Finally, I believe the ABC-O model operates on the assumption that every single player operates in a rational manner or is also considering the exact same model and it should go without saying that this will never be the case. Some players think very little about what they are going to play and just go with their guts or play what they like. It is impossible to calculate for these sorts of players which is why sometimes you can make the absolute best deck but have your day ruined by deviations or the unexpected player who decided to play Sceptile in a field of Volcanion and so on.
I think that the best way to go about this is to examine what is known as Nash equilibrium. This formulation is one of the absolute cruxes of game theory and has remained applicable to almost everything since its inception many years ago. It states:
“In game theory, the Nash equilibrium is a solution concept of a non-cooperative game involving two or more players in which each player is assumed to know the equilibrium strategies of the other players, and no player has anything to gain by changing only his or her own strategy.”
To put this into our own terms, if a player is aware of the ABC-O model and the expectations of the future metagame, then is there a proper deck to be found on the assumption no one will change their strategy. This is the “equilibrium” and I think in most cases, finding this answer is will always lead to the right deck choice for the metagame. More literally, let’s imagine that it is the night before a tournament and I am situated in a hotel room with three different friends from three different testing groups. All four of us are open about which deck we believe we will play for the next day but we have not turned in our deck lists so many things could possibly change. After all of our information is shared, players ask themselves: “Could anything be gained if I change my deck and the other three players do not change their deck?” If the answer is yes, then you have not found the equilibrium. Putting this back into our own terms, a deck that fits within Nash equilibrium is the one that could not possibly be better regardless of if everyone is playing A, B, C, or O or even an even split between the three.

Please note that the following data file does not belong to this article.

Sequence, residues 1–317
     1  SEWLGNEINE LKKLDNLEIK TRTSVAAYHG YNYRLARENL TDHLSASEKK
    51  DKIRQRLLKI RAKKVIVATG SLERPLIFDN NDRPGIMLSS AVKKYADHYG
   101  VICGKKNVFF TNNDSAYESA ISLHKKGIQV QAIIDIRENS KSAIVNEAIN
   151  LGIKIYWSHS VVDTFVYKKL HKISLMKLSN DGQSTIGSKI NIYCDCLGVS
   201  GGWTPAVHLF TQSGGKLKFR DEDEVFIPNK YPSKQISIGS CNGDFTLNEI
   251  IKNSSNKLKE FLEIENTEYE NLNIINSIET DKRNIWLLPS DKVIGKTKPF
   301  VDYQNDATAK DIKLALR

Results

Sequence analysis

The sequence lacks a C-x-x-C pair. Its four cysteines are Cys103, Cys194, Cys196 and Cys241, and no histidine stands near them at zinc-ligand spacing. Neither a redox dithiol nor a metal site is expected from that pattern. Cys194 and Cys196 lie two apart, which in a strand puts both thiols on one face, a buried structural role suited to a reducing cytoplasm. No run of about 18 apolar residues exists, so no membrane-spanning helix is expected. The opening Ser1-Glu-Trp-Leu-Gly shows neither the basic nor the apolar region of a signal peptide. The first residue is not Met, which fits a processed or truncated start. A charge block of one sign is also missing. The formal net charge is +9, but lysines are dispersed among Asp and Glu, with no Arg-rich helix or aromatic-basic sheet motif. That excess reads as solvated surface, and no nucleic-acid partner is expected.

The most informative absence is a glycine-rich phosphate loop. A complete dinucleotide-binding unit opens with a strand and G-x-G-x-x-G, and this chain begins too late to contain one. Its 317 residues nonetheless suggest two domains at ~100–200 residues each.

The player with Nash’s deck is the one who rests easy regardless of what everyone else is playing. If you can gain nothing by changing your own strategy, then you have successfully found the deck worth playing. It should also be noted that this changes for each and every event but I think it should be clear how it requires us to use the ABC-O model and goes deeper for the best guess in regards to finding the “play.”
I won’t get too much into the nitty-gritty of the actual calculations for this formula though historically, my team and I have used such analysis in choosing our deck for the last two World Championships which resulted in a 2nd place and two top 32s. A proper objection here is that we cannot be certain how many (if any) will also choose to deviate or act outside of basic logic which is true, but the theory itself calculates for deviation and so ought to yield considerably more accurate results than simply countering A with B, B with C, and so on. There will always be a best deck but it will require intensive analysis and can be thrown into chaos if there are any decks you are not aware of before entering into a tournament. Because anyone can deviate, our choice will never be perfect but I believe that this approach allows us to make real and calculated decisions instead of relying on our guts.
So now that we have gotten that heavier stuff out of the way, I want to briefly go over the two League Cups I have been able to attend over the last two weeks. Currently I only have 167 Championship Points which I acknowledge is way behind where I need to be if I intend to earn another invite this year but I remain optimistic in my hunt for points. Maximizing League Cups is one of the best ways to do this and so I prepared for one in Expanded and one in Standard but unfortunately fell a little short on both occasions.
For the first, I decided to play Seismitoad/Crobat which has easily been my favorite deck of the past couple of years and one that I am convinced can thrive assuming Trevenant is in minimal supply. I also believed that the new Giratina promo can help against its tougher matchups (the aforementioned Trevenant and Greninja decks) and so after acquiring one, I settled on this list for my first League Cup:
Pokémon – 17
Trainers – 35
Energy – 8
This list ought to appear incredibly similar to the lists that made top 4 at two separate Regionals earlier in the year as both of those were mostly created by Eric Gansman who I talked to to help me come up with this list. The “main” thing that is missing from the list is Ghetsis which I wholeheartedly believe to be overrated in the Expanded format. It seems like a staple in most lists, especially with conjunction with Jirachi-EX, but it strikes me as being incredibly luck based and unneeded from a deck that is already favored against the heavy Item/Battle Compressor decks.